Inverkip lies three miles north of the Wemyss Bay Railway station. The name denotes its position near the influx of the small river Kip to the Clyde. Ynver, or Inver in Celtic ,denotes the outlet or issue of a river; and is used as the refix of many names of places at the mouth of streams,or rivers, as Inverness, etc.
Main St, Inverkip, 1845
The village is small, with a populatin in 1871 of 637 and consists chiefly of two long rows of houses on each side of the turnpike road, but the district around is very beautiful. One great peculiarity of Inverkip is its luxuriant foliage. Looked at from the river, it appears completely buried among the trees. In consequence, the district is rich in varied walks and sylvan retreats. One very fine walk ( which visitors should not omit) is that leading through the Daff Glen. Near the northern extremeity of the village, immediately after crossing the bridge, a gate is seen on the right hand leading to a path along the burn. Entering though the wicket ( at the side of the large gate) the visitor has free access at all times to the varied scenery. Here the Daff flows in its rapid and rugged course to the sea, and the charming little cascades which appear here and there through the glen ,together with the rich and varied foliage, combine to render the spot on of the most attractive in the neighbourhood. Walks have been formed along the banks of the winding stream, and seats placed a different places for the accomodation of visitors.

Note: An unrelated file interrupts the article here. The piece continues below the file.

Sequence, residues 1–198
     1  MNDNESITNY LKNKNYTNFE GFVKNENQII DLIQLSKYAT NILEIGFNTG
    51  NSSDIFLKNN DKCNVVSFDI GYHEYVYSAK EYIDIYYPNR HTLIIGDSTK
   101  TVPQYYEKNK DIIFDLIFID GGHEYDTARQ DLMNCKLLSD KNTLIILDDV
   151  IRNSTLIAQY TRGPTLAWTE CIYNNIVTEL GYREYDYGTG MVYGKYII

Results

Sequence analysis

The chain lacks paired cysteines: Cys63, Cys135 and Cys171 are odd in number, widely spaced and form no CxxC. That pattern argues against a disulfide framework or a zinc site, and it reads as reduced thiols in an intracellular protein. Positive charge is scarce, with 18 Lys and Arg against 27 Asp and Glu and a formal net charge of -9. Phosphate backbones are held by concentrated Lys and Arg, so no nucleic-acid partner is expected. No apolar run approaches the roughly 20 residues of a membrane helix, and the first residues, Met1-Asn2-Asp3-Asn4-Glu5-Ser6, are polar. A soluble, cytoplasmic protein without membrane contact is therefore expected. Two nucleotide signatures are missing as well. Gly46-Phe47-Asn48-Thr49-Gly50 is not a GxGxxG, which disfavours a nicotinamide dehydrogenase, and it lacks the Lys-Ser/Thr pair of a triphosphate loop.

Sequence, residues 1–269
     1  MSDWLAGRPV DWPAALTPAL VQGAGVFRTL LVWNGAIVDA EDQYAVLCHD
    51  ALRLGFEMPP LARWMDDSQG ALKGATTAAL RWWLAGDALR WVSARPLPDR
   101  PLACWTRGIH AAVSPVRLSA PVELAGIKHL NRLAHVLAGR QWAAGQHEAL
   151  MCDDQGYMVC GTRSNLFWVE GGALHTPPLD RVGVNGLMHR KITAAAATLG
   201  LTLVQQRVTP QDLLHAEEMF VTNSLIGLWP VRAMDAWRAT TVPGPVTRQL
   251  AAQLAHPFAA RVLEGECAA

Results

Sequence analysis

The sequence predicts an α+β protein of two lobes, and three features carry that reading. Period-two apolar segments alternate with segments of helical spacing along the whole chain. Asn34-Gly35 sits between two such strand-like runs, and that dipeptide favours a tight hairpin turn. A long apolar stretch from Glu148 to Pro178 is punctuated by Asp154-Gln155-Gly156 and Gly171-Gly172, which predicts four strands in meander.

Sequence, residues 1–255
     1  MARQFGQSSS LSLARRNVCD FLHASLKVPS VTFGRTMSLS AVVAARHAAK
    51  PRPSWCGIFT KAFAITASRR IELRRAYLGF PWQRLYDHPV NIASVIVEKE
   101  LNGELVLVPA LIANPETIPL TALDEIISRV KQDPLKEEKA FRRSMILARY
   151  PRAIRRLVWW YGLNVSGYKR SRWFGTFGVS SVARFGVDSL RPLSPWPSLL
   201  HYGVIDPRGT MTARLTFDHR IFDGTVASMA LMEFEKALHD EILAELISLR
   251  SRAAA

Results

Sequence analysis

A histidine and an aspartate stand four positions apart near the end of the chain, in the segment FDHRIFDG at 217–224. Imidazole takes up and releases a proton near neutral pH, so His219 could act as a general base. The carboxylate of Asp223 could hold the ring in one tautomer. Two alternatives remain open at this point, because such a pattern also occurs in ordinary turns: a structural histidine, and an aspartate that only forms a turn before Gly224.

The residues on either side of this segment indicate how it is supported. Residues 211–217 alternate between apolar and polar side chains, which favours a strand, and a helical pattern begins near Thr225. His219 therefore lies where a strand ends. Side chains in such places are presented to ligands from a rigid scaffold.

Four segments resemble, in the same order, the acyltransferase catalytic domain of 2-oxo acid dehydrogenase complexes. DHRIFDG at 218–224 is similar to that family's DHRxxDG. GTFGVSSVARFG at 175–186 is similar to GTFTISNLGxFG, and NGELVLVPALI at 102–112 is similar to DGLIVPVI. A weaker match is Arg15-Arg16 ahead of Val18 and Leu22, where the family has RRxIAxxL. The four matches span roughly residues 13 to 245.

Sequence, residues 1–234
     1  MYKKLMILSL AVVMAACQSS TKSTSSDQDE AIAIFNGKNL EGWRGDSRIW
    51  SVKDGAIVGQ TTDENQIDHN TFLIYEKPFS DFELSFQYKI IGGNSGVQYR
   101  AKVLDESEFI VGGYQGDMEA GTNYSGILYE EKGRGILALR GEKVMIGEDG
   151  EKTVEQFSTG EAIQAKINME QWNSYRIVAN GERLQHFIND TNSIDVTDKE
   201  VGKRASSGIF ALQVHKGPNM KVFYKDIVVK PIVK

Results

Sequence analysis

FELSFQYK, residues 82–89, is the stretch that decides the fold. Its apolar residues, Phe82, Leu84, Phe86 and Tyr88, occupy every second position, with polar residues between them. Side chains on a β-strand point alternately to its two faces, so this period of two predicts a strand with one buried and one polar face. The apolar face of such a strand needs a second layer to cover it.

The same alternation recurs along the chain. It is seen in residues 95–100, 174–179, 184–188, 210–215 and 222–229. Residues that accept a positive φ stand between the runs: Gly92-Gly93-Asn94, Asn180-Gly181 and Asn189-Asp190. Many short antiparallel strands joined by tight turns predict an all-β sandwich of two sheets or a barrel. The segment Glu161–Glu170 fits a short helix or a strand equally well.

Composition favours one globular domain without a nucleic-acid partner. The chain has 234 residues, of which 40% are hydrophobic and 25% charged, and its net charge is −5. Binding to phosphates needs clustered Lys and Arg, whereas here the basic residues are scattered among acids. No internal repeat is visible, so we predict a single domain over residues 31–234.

The Daff rises in Leap muir, and a run of one and a half miles through a very pretty country and falls into the Kip at Inverkip. It contains some good trout, but permison to fish must first be obtained from the proprietors, Sir Stewart or Mr Robert McFie of Langhouse , who preseve it.
The Kip meandering through the southern part of the Ardgowan policies, is neatly embanked, taught to ripple over little falls and crossed by a handsome bridge: and rising abruptly on the east from the stream is the precipitous hill of Idston, with its thickly investing mantle of wood ``the romantic Den at is southern and eastern base``
For those of you wishing to return to the Inverkip of old we suggest that you turn to the MAP site , where you will be able to locate an area map of Invekip ( and other localities) as it was back in the 1700's. This site is an excellent place to spend a great deal of time, however we do ask that you return to our pages at one time or another.
For those of you interested in learning about Inverkip of today we invite you to link up with
West End, Inverkip United Free Church, Inverkip